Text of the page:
Kingsman: The Secret Service Parent Review
The plot will undoubtedly appeal to adolescent audiences. But sadly, this package of gory violence, crass sex and blatant discrimination will be accessible to any teen accompanied by someone over 17.
It’s stylish to the max (so much so that you can buy the classy menswear created for the movie), darkly funny and I’m certain Colin Firth had a magnificent time playing a secret agent spy with more deadly moves than any Bond I can recall. Yet, I can’t help but wonder how it managed to come to the despicable end that forms its conclusion.
Firth’s character, Harry Hart, is a secret agent working for an organization that’s so secret even other secret agents don’t know about it. The Kingsman, as they are called, have the best of intentions. They form a private spy network that operates below the radar and above the law. What that really amounts to is these are a bunch of rich guys who do as they please, bringing order to the world as they see fit.
Fortunately the bad guy in this outing leaves no room to doubt his evil intentions and fits the script’s comic book roots perfectly. Valentine (Samuel L. Jackson) is a smooth talker who has amassed incredible wealth and is now prepared to offer every earthling a free SIM card for their cell phone. Of course it’s all part of a diabolical plan whereby he will be able to unleash a global holocaust at his command.
Hart, meanwhile, is still grieving over a fellow agent whose life was lost some years earlier while serving under his command. To make amends, Hart becomes a mentor to his buddy’s young adult son Eggsy (Taron Egerton), The youth has embraced a nonproductive lifestyle that includes pub fights and stealing cars, but his fearless ambition convince Hart that the kid may be a candidate for the prestigious Kingsman Secret Service.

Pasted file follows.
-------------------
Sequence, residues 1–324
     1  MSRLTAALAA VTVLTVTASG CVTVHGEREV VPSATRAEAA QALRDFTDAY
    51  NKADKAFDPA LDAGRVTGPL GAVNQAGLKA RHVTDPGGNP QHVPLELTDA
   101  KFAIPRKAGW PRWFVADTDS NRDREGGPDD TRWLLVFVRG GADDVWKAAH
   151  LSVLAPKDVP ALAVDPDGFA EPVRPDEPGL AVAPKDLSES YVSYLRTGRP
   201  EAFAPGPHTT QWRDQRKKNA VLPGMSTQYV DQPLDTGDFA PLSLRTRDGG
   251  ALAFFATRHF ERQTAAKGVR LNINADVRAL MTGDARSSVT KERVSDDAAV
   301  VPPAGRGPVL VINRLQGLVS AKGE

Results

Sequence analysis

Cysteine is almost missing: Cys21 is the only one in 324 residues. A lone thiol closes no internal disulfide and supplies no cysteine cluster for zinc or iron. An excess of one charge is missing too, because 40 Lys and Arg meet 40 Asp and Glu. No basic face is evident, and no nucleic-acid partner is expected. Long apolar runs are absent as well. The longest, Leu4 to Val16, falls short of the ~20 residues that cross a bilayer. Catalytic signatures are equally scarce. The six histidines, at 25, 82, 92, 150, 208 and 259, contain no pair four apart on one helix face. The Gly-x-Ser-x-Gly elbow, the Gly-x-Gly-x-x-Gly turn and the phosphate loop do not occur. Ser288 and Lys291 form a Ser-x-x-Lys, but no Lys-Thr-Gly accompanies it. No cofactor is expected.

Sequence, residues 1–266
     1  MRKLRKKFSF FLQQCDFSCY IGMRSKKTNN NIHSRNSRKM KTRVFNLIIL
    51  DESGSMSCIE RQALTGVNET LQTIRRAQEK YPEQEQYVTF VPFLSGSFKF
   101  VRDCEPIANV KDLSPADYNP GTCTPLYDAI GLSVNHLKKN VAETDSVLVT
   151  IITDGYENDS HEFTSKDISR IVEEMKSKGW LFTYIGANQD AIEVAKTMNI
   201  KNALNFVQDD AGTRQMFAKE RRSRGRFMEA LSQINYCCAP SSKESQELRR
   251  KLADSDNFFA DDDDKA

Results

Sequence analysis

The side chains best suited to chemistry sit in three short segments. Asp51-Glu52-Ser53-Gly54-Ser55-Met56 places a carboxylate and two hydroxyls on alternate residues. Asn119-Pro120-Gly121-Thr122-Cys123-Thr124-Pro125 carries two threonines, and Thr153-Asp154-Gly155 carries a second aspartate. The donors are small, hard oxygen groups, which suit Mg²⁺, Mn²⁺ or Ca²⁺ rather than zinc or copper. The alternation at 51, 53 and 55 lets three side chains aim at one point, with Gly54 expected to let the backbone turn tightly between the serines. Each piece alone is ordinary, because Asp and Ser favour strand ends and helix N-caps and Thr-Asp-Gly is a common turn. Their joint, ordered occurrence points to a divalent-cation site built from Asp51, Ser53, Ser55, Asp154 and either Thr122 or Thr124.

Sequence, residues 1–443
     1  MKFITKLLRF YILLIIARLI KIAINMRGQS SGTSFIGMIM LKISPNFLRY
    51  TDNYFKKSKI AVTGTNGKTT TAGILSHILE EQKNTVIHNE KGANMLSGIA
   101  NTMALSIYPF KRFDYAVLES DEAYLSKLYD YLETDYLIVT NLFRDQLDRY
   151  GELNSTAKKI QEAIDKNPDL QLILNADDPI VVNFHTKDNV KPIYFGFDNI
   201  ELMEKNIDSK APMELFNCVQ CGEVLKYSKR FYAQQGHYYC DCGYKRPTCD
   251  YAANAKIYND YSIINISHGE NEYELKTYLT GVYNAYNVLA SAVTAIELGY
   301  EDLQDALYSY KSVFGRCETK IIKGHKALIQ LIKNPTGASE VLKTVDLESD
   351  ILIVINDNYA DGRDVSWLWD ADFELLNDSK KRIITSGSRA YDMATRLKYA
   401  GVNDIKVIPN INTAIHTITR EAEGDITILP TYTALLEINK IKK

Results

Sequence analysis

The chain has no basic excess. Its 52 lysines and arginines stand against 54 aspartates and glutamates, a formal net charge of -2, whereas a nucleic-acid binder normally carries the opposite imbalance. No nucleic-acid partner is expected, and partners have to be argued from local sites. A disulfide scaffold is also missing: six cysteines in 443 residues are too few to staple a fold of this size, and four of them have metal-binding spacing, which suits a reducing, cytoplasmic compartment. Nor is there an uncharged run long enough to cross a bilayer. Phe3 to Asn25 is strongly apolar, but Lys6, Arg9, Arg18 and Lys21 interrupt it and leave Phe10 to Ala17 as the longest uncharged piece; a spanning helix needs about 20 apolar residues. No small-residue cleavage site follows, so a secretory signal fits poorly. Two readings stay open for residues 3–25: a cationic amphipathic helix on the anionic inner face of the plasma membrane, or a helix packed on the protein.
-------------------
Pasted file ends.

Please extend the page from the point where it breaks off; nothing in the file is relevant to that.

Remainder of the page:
This film’s primary purpose is to spoof and mock the spy genre, but at times it crosses the line and jumps at finding its own niche in the cinematic world of secret agents. Or it totally flips out and becomes a harsh satire—specifically in a scene where a character mass murders every single redneck parishioner attending an evangelical church. The scenario shows the congregation shouting approval for the pastor’s denigrating of Jews, homosexuals and African-Americans (which includes derogatory terms). Suddenly the entire group falls under Valentine’s evil spell and a brutal butchering is unleashed, leaving just one person standing. I guess the movie’s creators felt that we, the audience, would cheer on the gore that ensues while destroying the bigots.
As the plods on, the body count and violence increases exponentially. A character with blades for feet slices and dices adversaries, leaving limbs and body parts littering the floor. Another sequence has literally hundreds of heads exploding - a visualization that must have been considered too gruesome to depict, so stylized fireworks and mushroom clouds appear in place of blasted brains.
The movie also includes over sixty sexual expletives and a hearty helping of other profanities throughout. Then there’s the end—a shot of a woman’s naked buttocks—that forms part of a sexist interchange between a male and female character. (I’m sure that will leave an indelible impression upon the dozen or so 13-year-old boys surrounding me in at the theater screening I attended. They came as the guests of their hockey coaches for a “fun” night out.)
Kingsman: The Secret Service features a young protagonist who makes his way from a rough life in the ‘hood to the ranks of an elite group—a plot that will undoubtedly appeal to adolescent audiences. And, sadly, even with an US rating of R, this package of gory violence, crass sex and blatant discrimination will be accessible to any child or teen accompanied by an adult (which by the MPAA’s definition is any one older than 17).Directed by Matthew Vaughn. Starring Mark Hamill, Samuel L. Jackson, Colin Firth, Mark Strong. Running time: 129 minutes. Updated May 18, 2016
Get details on profanity, sex and violence in Kingsman: The Secret Service here.
Kingsman: The Secret Service Parents Guide
From the Studio: Based upon the acclaimed comic book and directed by Matthew Vaughn [Kick-Ass (2010), X-Men: First Class (2011], Kingsman: The Secret Service tells the story of a super-secret spy organization that recruits an unrefined but promising street kid into the agency’s ultra-competitive training program just as a global threat emerges from a twisted tech genius. © Written by 20th Century Fox
How is clothing used as a symbol in this movie? What clothes do the “good guys” wear versus the “bad guys”? Does clothing “make the man”? How can clothes be used to create a class system? How might the way a person dresses influence you to treat him or her?